Given the ever-increasing volume of traffic in Indian cities, a well-planned urban transport system assumes vital importance. To this end, the government is exploring the possibility of increasing the share of electric vehicles (EVs), a cost-effective and environment-friendly mode of transportation. States are gearing up for the increased uptake of EVs. Karnataka was the first state to formulate an all-inclusive EV policy in September 2017. Following in its footsteps, Delhi, Telangana and Uttar Pradesh have also come up with draft EV policies and many other states are expected to release policies in the next couple of months. The Indian automobile industry is slowly shifting from internal combustion engine (ICE) vehicles to zero- emission vehicles. New players have entered the market to increase the availability of EVs and the associated equipment. However, some of the challenges that remain in EV adoption are the price of EVs (which is two-three times higher than ICE vehicles due to the imported components and lack of scale of production), the performance of EVs (which drops at higher speeds) and the need for more charging infrastructure.
In particular, electric buses require massive capital investments. These are priced at Rs 15 million-Rs 25 million per bus (depending on the battery life), as compared to Rs 5 million for a normal floor bus. From an individual consumer’s point of view, the significant difference in the capital investment acts as a major deterrent to EV adoption.
With respect to charging infrastructure, its availability and compatibility with vehicles are the major issues. While slow charging stations could work for private vehicles, public transportation requires fast charging stations. For example, with a view to foraying into the EV segment, the Delhi Transport Corporation (DTC) first experimented with electric buses in 2016. It procured two electric buses from China, and these buses have been operating successfully since. However, there are certain issues that need due consideration. First, a normal city bus covers 200 km per day. However, for an electric bus to run for 200 km, it has to be charged several times. Second, DTC buses are 12 metres long. For charging an electric bus of the same dimension, the bus either has to be brought back to the depot or has to be charged midway where there is adequate space available. Thus, the absence of adequate charging infrastructure and the land for setting up this infrastructure in the city poses serious problems.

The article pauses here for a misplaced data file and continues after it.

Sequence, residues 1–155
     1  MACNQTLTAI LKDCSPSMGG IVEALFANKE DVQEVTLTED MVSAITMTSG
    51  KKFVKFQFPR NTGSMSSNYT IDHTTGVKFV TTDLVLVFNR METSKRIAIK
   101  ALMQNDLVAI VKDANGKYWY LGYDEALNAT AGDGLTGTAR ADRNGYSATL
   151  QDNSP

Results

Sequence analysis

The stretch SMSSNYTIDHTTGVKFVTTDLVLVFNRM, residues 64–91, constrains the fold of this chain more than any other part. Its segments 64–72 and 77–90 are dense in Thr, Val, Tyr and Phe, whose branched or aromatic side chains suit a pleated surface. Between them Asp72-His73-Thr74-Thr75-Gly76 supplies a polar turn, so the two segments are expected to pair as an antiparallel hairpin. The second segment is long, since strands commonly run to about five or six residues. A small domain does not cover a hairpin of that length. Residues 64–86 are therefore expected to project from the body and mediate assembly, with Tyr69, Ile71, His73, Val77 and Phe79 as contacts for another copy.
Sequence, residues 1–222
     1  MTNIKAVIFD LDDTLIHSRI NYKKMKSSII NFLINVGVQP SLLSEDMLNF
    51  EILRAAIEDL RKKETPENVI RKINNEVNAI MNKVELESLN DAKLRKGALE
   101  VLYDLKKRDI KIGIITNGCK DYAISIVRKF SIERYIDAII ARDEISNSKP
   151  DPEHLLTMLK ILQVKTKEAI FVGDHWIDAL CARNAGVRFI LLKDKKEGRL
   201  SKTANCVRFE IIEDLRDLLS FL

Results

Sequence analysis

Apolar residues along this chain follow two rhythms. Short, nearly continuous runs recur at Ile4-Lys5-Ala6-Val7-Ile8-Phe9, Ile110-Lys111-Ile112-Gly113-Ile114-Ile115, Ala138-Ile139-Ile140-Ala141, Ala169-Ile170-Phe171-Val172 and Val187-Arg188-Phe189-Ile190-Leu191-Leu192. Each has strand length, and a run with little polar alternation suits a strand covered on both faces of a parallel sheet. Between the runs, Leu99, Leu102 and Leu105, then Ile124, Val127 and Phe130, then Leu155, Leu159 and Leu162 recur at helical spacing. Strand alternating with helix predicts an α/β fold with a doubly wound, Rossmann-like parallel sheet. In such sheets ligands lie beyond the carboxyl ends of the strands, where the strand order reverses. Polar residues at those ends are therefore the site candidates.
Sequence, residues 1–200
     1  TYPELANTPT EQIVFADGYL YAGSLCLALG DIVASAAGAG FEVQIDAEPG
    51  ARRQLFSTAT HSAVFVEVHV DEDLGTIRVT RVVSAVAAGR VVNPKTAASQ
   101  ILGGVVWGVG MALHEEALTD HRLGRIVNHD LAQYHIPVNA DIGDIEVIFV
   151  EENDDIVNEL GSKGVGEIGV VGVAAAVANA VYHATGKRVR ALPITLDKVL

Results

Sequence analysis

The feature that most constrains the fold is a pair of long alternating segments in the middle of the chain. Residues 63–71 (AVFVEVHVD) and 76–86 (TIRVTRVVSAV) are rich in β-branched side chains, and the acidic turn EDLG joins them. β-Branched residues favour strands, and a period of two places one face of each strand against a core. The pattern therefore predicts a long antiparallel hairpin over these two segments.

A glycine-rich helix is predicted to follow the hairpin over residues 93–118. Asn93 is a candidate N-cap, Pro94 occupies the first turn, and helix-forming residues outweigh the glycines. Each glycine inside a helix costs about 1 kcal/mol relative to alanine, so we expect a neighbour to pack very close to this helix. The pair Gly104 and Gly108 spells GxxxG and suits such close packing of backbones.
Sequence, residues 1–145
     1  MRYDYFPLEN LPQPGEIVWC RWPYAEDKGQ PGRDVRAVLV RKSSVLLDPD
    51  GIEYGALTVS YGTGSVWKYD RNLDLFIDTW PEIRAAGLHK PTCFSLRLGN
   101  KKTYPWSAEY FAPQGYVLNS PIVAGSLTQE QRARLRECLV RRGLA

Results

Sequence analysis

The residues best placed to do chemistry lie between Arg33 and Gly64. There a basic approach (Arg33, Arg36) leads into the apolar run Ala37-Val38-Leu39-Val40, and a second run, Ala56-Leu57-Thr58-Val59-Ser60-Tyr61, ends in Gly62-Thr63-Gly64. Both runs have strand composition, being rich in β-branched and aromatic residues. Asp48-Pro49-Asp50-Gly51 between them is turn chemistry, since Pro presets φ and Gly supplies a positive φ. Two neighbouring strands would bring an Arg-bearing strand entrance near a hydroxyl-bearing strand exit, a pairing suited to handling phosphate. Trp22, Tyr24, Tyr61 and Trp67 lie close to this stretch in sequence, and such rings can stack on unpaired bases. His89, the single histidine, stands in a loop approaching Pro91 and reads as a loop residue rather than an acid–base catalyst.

Further, as per the latest available estimates, 100 buses are needed for every 100,000 people. For Delhi’s present population, the city will need around 20,000 electric buses to meet the growing demand. Finding the charging and parking places for such a large number of electric buses would be a huge issue. Besides, in some of the recent tenders floated for the procurement of electric buses, a high variation in the outright purchase price of these buses across cities has been observed. There was also a lack of standardisation and benchmarking in the tenders invited for electric buses.
Another issue impeding enhanced EV penetration in the country relates to land and power permits. At present, there are several roadblocks in obtaining permits for land acquisition and power sourcing. The stringent procedures make the setting up of charging infrastructure quite difficult and time-consuming.
The way forward
The initiatives being taken by the government, both at the central and state levels, and the increasing investor interest in the EV segment is expected to drive growth. The drivers for EV adoption include financial incentives, public procurement programmes, reducing operating costs through free parking and exemption from toll tax, and favourable regulatory measures. At the state level, various transport corporations are taking initiatives to increase the share of electric buses in public transportation. DTC is planning to invite bids for the procurement of 1,000 electric buses soon. These buses are likely to be rolled out by mid-2019. Besides, Karnataka has set a target of taking EV penetration to 100 per cent by 2030 with capital subsidies for charging infrastructure as well as for battery swapping.
Going forward, for the segment to grow, there is a need to create an enabling ecosystem with a city-level implementation plan, standardise the procurement process and take capacity building measures. Apart from this, utilities and power companies also need to consider renewable energy for meeting power demand from EVs since a key goal for using these vehicles is to reduce pollution.
Based on a panel discussion among Manoj Kumar, Chairman-cum-Managing Director, DTC; Ipsita Das, Head, Future Mobility, Uber, India and South Asia; and G. Srivastava, Co-Founder and CEO, SmartE, at a recent India Infrastructure conference